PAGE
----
• b) A step of setting the switch 121-4 and switch 121-5 such that at least one of the memory 121-1 and memory 121-2 of the image processing apparatus is connected to the path 121-7 from the memory 121-6.
    • c) A step of transferring the reference image in the memory 121-6 to a memory of the image processing apparatus.
    • d) A step of comparing an image generated by sequentially scanning the image under inspection, the image in the memory to which the reference image has been transferred, and image data which is at the same relative position in the die to find differences.
    • e) A step of determining defects from the differences found in the foregoing Step d).
    • f) A step of subsequently testing or inspecting the same portions for a scanning position of the reference die and the die origin of the die under inspection over the entire wafer, as illustrated in FIG. 50, and repeating the foregoing Steps a) to e) while changing the scanning position of the reference die until the entire die is tested.

Settings are made to correct two images to be compared such that a position alignment is made, i.e., a difference in position is eliminated in the two images before the differences are found in Step d). Alternatively, a correction is made to eliminate density alignment, i.e., a difference density. In some cases, both processes may be required.

The reference die image stored in the memory of the image processing apparatus in Step c) may be the entire reference die, or a portion of the reference die which may be tested while it is updated.

While the foregoing description has been made on the algorithms of the array test (cell test) for inspecting periodic structures, and the random test, the cell test and random test can be conducted simultaneously. Specifically, the cell area and random area are separately processed, wherein cells are compared with one another in a die in the cell area, and simultaneously, a comparison is made with adjacent dies, reference die, or CAD data-in the random area. By doing so, the inspection time can be largely reduced to improve the throughput.

In this event, inspection circuits for the cell area are preferably provided independently of one another. Also, if tests are not conducted simultaneously, a single inspection circuit may be provided with programs which can be switched for the cell test and random test, so that the comparison test can be conducted by switching the programs. Specifically, when patterns are tested with a plurality of processing algorithms applied thereto, these algorithms may be executed simultaneously with separate circuits provided therefor, or algorithms corresponding to them may be provided and switched by a single circuit for processing. In any case, this method can be applied as well when there is a plurality of types of cells which are compared with one another, and dies are compared with each other or with CAD data in the random section.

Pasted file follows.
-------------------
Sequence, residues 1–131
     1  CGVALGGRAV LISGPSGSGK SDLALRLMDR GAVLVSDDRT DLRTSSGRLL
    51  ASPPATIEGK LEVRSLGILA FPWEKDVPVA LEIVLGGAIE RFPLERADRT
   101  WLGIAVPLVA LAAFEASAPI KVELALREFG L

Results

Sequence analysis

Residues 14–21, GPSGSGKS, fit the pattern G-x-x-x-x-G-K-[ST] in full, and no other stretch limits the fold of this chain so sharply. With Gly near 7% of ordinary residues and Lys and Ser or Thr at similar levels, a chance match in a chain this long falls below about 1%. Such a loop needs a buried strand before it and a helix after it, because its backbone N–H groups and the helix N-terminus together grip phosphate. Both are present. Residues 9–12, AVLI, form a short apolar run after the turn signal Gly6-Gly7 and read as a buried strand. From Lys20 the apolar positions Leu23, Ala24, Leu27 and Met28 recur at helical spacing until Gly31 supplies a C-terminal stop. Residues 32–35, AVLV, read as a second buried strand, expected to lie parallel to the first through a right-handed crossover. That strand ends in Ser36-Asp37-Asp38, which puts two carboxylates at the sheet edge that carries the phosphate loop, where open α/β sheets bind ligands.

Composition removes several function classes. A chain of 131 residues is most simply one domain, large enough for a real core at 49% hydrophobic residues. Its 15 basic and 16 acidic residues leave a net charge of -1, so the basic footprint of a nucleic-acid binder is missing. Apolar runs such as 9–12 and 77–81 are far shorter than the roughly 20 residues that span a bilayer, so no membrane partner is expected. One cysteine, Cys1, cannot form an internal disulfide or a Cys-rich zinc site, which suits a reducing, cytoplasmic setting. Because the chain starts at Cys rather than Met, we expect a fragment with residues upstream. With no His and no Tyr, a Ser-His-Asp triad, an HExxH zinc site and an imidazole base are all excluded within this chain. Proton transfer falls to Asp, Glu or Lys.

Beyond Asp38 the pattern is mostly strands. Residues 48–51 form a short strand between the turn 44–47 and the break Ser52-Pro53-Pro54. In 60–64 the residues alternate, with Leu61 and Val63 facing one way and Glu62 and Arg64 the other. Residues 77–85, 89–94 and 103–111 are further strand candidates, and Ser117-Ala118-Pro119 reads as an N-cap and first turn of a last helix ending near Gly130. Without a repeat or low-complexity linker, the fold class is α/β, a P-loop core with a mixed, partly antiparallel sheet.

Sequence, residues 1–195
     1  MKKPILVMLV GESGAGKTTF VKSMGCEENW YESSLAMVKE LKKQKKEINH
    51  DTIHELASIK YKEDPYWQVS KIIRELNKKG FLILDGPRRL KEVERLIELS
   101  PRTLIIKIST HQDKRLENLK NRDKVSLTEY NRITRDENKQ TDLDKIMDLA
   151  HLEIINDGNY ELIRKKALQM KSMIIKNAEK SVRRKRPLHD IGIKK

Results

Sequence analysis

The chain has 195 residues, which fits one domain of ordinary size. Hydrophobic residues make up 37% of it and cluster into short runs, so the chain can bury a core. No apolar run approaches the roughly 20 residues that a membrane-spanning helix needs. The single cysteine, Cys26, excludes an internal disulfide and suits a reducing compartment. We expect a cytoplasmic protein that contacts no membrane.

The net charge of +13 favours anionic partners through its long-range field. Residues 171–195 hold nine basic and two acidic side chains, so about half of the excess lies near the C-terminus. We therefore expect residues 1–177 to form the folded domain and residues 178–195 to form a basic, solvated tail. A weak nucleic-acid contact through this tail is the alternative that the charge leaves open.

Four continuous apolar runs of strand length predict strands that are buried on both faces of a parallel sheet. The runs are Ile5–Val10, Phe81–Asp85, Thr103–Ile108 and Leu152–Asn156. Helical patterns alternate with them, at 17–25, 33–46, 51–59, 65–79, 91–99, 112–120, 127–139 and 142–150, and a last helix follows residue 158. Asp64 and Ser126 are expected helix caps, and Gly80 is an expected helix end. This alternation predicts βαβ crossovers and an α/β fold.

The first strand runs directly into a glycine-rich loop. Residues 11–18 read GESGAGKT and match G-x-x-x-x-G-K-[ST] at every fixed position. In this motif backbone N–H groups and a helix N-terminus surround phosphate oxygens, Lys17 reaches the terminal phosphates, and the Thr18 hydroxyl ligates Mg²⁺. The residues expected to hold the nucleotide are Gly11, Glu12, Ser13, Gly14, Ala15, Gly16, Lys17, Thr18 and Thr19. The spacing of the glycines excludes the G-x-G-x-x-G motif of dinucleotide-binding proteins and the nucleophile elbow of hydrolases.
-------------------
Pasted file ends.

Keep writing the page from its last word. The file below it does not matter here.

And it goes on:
FIG. 51 illustrates a basic flow of a focus function. First, after transferring a wafer including an alignment operation, recipes are created for setting conditions related to the test, and the like. One of the recipes is a focus map recipe which is relied on to perform an auto-focus operation during a inspection operation and a reviewing operation in accordance with focus information set therein. The following description will be made on a procedure of creating the focus map recipe, and a procedure of the auto-focus operation.

In the following example, the focus map recipe has an independent input screen, and the operator executes the following steps to create the focus recipe. Such an input screen may be added to an input screen provided for different purposes.

    • a) A step of entering focus map coordinate representing the position of a die, a pattern within the die, or the like for which a focus value is entered using a switch 126-1 on a monitor screen illustrated in FIG. 52.
    • b) A step of setting a die pattern which is required for automatically measuring a focus value. This step may be skipped when the focus value is not automatically measured.
    • c) A step of setting a best focus value at the coordinate on the focus map determined at the foregoing Step a).